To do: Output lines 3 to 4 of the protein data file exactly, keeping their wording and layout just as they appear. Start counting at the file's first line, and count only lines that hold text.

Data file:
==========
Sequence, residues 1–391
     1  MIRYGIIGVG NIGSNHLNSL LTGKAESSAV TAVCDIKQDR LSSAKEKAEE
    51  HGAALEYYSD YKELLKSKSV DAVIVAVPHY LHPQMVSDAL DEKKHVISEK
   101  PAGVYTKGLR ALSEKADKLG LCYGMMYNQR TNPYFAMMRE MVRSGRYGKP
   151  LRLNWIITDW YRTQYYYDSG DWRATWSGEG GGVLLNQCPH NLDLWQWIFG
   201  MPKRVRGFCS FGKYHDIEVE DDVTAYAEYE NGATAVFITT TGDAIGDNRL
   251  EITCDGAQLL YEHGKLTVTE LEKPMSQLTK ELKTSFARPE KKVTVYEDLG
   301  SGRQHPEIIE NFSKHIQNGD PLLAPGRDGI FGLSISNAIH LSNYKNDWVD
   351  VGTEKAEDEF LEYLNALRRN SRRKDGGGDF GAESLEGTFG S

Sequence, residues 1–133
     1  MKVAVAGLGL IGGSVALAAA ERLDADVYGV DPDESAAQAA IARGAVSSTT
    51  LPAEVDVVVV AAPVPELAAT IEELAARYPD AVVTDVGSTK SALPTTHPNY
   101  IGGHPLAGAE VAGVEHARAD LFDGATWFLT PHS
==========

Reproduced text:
    51  HGAALEYYSD YKELLKSKSV DAVIVAVPHY LHPQMVSDAL DEKKHVISEK
   101  PAGVYTKGLR ALSEKADKLG LCYGMMYNQR TNPYFAMMRE MVRSGRYGKP